NEW HAMPSHIRE — Democratic Sen. Sherrod Brown heard from voters in New Hampshire recently as he continues to test the waters for a presidential run.

  • Sen. Sherrod Brown took "Dignity of Work" tour to New Hampshire
  • He's testing the waters for a potential 2020 presidential run
  • 1 voter said he battles lack of name recognition in Granite State

His "Dignity of Work" listening tour through the Granite State started with a roundtable on paid family medical leave in the town of Hampton.

“I think that because he does appear so genuine — and I think he is genuine — that he would have as good a shot as anybody,” said Mike Edgar, a New Hampshire state representative who attended the event.

Brown has been spending a good chunk of his listening tour — which was launched in Ohio and went to Iowa before landing in New Hampshire — actually listening. But he’s also selling his record as Ohio’s standout Democrat.

"I really thought it was astounding that, despite the fact that Trump won Ohio by such a wide margin, that (Brown) also won, being so progressive," said Victoria Stella, who lives in Portsmouth and attended the roundtable. 

"(It) makes him pretty attractive as a candidate, because if he can appeal to all kinds of voters, then, that can be a big difference for me for who I support."

Brown's progressive, worker-focused message was well-received at a workers roundtable in the mountain and mill town of Berlin.

"What attracted me to come here in the first place was the 'Dignity of Work' (message)," said Mollie White, who lives in Twin Mountain.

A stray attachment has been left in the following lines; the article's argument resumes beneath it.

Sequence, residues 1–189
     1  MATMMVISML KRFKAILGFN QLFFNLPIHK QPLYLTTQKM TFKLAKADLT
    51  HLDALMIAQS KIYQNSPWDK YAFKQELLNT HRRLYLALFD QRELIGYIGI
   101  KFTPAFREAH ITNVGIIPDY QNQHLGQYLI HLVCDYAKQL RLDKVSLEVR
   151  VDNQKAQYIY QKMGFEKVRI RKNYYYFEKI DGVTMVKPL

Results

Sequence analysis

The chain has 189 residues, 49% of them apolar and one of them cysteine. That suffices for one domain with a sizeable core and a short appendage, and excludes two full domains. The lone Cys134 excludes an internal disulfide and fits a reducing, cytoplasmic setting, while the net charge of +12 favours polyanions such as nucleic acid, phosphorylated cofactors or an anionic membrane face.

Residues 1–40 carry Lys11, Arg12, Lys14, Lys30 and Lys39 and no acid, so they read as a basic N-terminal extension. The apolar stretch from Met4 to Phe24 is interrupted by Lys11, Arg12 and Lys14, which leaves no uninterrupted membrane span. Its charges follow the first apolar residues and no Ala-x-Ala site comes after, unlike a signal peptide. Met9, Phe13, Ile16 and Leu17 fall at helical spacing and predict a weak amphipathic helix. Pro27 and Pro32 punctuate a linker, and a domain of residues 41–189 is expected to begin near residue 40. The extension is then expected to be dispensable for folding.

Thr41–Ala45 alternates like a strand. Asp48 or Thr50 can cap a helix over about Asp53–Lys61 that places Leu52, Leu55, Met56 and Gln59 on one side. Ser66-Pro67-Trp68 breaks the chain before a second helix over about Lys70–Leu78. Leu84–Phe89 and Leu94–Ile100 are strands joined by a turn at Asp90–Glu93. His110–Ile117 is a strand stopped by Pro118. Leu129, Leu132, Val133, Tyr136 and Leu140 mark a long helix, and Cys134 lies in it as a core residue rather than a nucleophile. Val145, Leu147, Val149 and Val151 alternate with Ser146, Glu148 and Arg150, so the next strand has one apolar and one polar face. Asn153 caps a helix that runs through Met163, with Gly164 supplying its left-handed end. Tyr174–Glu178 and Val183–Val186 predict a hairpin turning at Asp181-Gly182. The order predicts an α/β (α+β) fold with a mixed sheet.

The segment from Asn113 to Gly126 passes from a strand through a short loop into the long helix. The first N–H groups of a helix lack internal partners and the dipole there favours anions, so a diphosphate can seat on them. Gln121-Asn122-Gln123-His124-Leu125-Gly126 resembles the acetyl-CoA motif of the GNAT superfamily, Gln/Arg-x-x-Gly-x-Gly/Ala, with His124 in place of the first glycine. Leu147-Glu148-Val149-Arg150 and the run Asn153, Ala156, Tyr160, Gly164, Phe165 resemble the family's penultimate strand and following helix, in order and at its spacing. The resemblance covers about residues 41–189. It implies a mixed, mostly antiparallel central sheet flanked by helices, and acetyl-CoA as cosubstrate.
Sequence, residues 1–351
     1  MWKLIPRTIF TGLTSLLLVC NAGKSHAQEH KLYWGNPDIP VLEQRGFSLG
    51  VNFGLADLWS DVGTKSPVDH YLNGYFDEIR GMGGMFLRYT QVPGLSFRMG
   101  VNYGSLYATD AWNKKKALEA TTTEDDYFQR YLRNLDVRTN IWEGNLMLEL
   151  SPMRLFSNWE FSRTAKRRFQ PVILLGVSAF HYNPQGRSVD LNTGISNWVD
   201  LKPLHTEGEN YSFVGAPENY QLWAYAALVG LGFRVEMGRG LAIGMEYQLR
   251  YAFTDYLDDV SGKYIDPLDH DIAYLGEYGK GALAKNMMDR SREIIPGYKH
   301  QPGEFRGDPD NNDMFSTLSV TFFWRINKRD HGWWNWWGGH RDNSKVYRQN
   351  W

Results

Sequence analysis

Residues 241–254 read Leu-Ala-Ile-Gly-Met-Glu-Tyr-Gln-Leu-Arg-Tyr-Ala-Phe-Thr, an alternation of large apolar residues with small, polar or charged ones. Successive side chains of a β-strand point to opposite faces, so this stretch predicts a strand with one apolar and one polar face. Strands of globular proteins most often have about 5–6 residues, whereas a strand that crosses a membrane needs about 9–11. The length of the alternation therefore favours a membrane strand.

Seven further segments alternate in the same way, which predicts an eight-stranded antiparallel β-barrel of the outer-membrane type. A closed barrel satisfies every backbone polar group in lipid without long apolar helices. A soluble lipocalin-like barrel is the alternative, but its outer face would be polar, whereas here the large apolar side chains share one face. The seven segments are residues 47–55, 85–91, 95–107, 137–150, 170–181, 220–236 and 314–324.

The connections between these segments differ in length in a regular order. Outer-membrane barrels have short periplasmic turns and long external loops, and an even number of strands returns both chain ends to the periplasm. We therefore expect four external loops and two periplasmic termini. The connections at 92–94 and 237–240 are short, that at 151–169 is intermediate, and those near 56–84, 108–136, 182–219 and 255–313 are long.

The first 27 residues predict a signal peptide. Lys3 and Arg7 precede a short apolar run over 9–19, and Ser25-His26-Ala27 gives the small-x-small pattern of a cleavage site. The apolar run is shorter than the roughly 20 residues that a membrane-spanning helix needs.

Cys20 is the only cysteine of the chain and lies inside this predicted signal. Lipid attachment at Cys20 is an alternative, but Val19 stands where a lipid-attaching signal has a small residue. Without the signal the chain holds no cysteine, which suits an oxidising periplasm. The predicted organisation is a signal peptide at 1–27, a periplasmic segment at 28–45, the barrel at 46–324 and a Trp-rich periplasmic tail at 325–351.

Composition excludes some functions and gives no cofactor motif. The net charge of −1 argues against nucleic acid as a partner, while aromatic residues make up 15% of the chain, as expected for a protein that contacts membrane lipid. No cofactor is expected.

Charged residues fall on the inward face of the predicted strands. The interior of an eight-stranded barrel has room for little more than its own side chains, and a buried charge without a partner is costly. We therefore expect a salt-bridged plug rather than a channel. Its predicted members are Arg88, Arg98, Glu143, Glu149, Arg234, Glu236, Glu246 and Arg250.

But at a child-care roundtable in Laconia, Ohio native Shelby Hritz, who has followed Brown's career from the start, said his lack of name recognition in the Granite State will be his main hurdle to clear.

"It is the biggest challenge," said Hritz, who now lives in Boston and spends weekends in New Hampshire. "They don’t know him yet. He's been quietly working for Ohioans for many, many years, and he's very focused on Ohio. ... He has some work to do. But I think once people hear his message, they'll remember who he is."

The largest crowd yet, about 150, showed up at a bookstore in Concord to meet Brown and his wife, Pulitzer Prize-winning columnist Connie Schultz.

It was there that Brown was faced with a direct question about diversity in the 2020 Democratic race.

"My biggest concern, though, is how you'll win the primary at a time when Democrats are really looking for change from white men," a woman said to Brown.

The senator said he thinks the race is largely about ideas.

"I will have a progressive message that progressives in this party — regardless of what people look like — progressives in this party will rally around," Brown said. 

The large crowd in Concord was filled with people who said they're excited about Brown possibly entering the race, including Ryan Greenwood, who drove an hour from Massachusetts to attend.

He said Brown could be the one Democratic candidate who could win back voters who voted for Barack Obama twice and then President Donald Trump.

"Trump won by branding," Greenwood said. "The 'Dignity of Work' is a brand that people can get behind. It's a message that a guy like my father can understand — a 65-year-old carpenter who worked for 45 years that voted for Trump after being a Democrat his whole life."

Brown ended his visit by delivering the keynote address at the New Hampshire Young Democrats' Granite Slate Awards, where he made a presidential-sounding pitch to the millennial crowd.

"Given the number of people who will be running, I think 6 or 7 percent could win (New Hampshire)," said David Greene, who lives in Dover and attended the ceremony. "So why not him?"

Brown will travel to Nevada on Saturday and then to South Carolina next weekend.